Counterpoint The Most Terrifying Death in the War

Virginia Dave

First Sergeant
Forum Host
Joined
Jan 3, 2019
Location
Waynesboro, Virginia
Whether atrocities of fearful tragedy and revenge or plain facing the rebel charge, which death do you determine to be the most terror stricken moment?
Keeping with the era of our discussion and topic, as a hint to E. A. Poe who once wrote The Pit and the Pendulum, I prefer one at a time. Mine is;

"There were reports taken upon the field after the First Bull Run when wounded soldiers lay upon the ground that spoke of wild hogs feeding upon the living before they were dead."

Lubliner.
Burning to death due to fire started during battle. Seeing the flames coming towards you and not being able to retreat or have a weapon to end your misery.
 

Polloco

Captain
Joined
Sep 15, 2018
Location
South Texas
Who was it, Gordon, who said he'd have drowned in his own blood if his hat didn't have bullet holes? That would not be pleasant. But I can imagine just about receiving any major wound and the doctor telling you "There's nothing else I can do for you , Son" would play on your mind while you're conscious.
 
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farrargirl

Corporal
Joined
Jul 9, 2017
Location
Baldwin County, on the Alabama Gulf Coast
Well, I’ve got a fairly horrid way to go. Here’s one of my folks, who was shot in the 22 July Battle of Alabama.
His brother was shot with him in the bowels and lived six hours. John lived a week.
89FF1D28-F961-4D4D-8797-00492ADB7997.jpeg

I guess maybe amputation would be a moot point...
 

Lubliner

1st Lieutenant
Forum Host
Joined
Nov 27, 2018
Location
Chattanooga, Tennessee
Well, I’ve got a fairly horrid way to go. Here’s one of my folks, who was shot in the 22 July Battle of Alabama.
His brother was shot with him in the bowels and lived six hours. John lived a week.
View attachment 379189
I guess maybe amputation would be a moot point...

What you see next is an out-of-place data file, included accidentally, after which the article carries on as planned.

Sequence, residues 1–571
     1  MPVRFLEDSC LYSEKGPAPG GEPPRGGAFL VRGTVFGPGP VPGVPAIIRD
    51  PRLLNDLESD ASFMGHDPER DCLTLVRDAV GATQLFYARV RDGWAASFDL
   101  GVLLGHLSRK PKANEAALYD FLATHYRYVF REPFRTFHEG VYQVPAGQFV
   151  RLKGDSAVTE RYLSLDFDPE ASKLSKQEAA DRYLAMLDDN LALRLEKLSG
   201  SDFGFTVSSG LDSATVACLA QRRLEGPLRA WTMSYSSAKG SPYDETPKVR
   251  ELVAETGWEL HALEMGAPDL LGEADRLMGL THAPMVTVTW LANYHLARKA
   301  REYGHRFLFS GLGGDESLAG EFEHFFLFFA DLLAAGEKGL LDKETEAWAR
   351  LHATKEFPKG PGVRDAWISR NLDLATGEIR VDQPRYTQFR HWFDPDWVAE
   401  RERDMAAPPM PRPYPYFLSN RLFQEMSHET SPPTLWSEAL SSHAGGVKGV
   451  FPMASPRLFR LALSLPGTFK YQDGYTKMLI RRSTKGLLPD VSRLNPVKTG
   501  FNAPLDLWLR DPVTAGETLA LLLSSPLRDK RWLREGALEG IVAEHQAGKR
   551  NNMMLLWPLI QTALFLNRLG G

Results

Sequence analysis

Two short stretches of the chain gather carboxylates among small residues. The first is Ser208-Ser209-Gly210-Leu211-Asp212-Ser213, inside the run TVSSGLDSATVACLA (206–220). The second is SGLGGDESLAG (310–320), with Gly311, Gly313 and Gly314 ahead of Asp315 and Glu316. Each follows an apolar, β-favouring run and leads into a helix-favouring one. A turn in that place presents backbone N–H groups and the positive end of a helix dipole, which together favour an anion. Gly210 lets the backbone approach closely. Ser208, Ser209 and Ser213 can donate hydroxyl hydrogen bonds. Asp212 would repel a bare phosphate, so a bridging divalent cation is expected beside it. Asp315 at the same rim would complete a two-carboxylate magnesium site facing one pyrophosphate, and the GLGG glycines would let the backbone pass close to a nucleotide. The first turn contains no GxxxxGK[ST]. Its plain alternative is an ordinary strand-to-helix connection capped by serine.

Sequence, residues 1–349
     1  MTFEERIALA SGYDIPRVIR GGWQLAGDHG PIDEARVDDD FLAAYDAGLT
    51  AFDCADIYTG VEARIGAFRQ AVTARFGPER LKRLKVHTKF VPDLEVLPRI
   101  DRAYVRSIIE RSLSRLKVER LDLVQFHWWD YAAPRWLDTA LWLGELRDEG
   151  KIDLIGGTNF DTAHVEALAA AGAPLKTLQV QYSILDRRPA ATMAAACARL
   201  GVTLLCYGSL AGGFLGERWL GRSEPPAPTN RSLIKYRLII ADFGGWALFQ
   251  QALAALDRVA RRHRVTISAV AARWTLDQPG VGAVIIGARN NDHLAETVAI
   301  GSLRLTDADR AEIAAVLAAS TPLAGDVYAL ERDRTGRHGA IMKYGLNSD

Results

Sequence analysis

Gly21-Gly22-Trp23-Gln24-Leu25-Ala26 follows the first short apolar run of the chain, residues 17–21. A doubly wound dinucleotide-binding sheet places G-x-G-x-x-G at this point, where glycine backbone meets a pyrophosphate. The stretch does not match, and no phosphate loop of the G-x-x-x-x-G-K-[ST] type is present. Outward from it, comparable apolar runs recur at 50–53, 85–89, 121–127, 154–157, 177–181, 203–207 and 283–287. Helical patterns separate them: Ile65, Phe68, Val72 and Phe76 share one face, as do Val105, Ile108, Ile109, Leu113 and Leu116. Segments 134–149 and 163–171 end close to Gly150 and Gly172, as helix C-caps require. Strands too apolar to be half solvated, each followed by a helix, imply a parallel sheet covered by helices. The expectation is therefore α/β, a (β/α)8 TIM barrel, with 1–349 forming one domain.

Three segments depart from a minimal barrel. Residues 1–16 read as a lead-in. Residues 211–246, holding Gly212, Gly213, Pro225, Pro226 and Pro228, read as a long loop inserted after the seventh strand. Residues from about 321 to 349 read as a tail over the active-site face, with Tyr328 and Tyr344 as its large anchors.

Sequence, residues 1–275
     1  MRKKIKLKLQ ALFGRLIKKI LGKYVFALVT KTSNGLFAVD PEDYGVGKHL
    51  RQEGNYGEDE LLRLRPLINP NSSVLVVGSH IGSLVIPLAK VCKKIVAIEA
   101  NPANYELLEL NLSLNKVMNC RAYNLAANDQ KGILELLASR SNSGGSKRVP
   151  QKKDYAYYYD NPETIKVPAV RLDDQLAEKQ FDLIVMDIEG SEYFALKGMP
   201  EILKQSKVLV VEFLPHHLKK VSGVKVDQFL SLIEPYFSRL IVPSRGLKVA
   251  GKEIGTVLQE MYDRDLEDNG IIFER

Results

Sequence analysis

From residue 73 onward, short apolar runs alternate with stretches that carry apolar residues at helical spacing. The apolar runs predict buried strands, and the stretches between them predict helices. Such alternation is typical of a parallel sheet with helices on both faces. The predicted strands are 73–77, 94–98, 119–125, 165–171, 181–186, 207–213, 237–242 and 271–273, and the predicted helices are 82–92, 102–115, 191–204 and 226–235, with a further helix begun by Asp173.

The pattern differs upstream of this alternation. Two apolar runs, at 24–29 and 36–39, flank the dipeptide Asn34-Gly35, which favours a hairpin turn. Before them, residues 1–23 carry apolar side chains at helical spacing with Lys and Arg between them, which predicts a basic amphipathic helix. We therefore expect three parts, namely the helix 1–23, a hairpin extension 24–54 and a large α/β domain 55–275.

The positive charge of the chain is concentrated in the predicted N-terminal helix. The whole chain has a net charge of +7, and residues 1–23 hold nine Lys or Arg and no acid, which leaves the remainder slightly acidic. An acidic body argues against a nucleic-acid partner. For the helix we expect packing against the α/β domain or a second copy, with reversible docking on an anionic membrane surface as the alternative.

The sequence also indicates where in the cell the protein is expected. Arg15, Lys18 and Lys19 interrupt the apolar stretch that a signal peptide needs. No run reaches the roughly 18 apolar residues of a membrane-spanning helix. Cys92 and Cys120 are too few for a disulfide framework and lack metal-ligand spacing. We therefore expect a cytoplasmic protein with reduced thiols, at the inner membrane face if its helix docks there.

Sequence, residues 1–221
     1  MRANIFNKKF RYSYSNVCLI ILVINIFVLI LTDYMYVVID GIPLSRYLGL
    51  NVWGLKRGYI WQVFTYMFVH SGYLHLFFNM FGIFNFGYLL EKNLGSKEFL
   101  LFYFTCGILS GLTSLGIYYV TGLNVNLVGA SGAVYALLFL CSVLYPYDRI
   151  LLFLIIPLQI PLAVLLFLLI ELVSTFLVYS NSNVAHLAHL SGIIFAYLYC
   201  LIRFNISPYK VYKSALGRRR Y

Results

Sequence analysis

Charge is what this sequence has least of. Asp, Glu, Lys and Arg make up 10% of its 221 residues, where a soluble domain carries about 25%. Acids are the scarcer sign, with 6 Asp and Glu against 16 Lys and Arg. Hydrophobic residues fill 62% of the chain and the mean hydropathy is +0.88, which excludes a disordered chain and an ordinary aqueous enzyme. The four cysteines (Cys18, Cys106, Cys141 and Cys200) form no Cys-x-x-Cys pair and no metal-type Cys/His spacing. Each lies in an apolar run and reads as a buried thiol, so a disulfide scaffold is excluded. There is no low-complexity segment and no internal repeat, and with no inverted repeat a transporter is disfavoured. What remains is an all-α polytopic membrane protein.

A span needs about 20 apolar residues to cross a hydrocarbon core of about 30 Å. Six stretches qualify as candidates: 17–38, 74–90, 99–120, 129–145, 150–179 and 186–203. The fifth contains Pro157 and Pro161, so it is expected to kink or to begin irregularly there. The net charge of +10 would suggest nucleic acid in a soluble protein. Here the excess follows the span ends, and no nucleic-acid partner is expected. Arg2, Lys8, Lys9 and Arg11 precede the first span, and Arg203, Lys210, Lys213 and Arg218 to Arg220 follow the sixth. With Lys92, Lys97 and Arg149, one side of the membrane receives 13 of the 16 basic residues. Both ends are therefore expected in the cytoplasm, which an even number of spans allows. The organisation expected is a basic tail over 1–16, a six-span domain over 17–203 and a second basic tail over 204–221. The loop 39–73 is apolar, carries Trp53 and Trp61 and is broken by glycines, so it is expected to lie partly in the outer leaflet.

This gives me cause to remember both Jeb Stuart being shot in the kidney area and Stonewall trying to cope with his week of deterioration. Not only these men but many that were knowledgeable of approaching death were heroic in how they faced it.
Lubliner.
 

Biscoitos

Corporal
Joined
May 14, 2020
Whether atrocities of fearful tragedy and revenge or plain facing the rebel charge, which death do you determine to be the most terror stricken moment?
Keeping with the era of our discussion and topic, as a hint to E. A. Poe who once wrote The Pit and the Pendulum, I prefer one at a time. Mine is;

"There were reports taken upon the field after the First Bull Run when wounded soldiers lay upon the ground that spoke of wild hogs feeding upon the living before they were dead."

Lubliner.
At Vicksburg a man was killed by a 220 lb. 13 inch mortar shell which struck him squarely from above and drove his head, torso and legs deeply into the ground. His hands and maybe feet were all that was left on the surface.
Terrifying to everyone else, including us, but he probably "never knew what hit him," unless he looked up.

I may be wrong about the source, but I believe that he was a member of the 3rd Louisiana Inf. or it was recorded in the records of that unit.

Do any of you Vicksburg guys have the source?
 

farrargirl

Corporal
Joined
Jul 9, 2017
Location
Baldwin County, on the Alabama Gulf Coast
This gives me cause to remember both Jeb Stuart being shot in the kidney area and Stonewall trying to cope with his week of deterioration. Not only these men but many that were knowledgeable of approaching death were heroic in how they faced it.
Lubliner.
Absolutely. I posted John’s brother, George Morgan Rikard’s death in the Death Notifications thread of Tom Elmore . He was at peace while he waited six hours for death to come, after being shot in the bowels....
 

Nathanb1

Brev. Brig. Gen'l
Forum Host
Retired Moderator
Joined
Dec 31, 2009
Location
Smack dab in the heart of Texas
This gives me cause to remember both Jeb Stuart being shot in the kidney area and Stonewall trying to cope with his week of deterioration. Not only these men but many that were knowledgeable of approaching death were heroic in how they faced it.
Lubliner.

I thought about Stuart when I was being hauled 75 miles in an ambulance because of a ruptured hernia...and the medic wouldn't give me anything for the pain (there couldn't have been any shocks on that thing!). Every time I hit a bump, I thought about him in that horse-drawn ambulance over those rough roads. :nah disagree:
 
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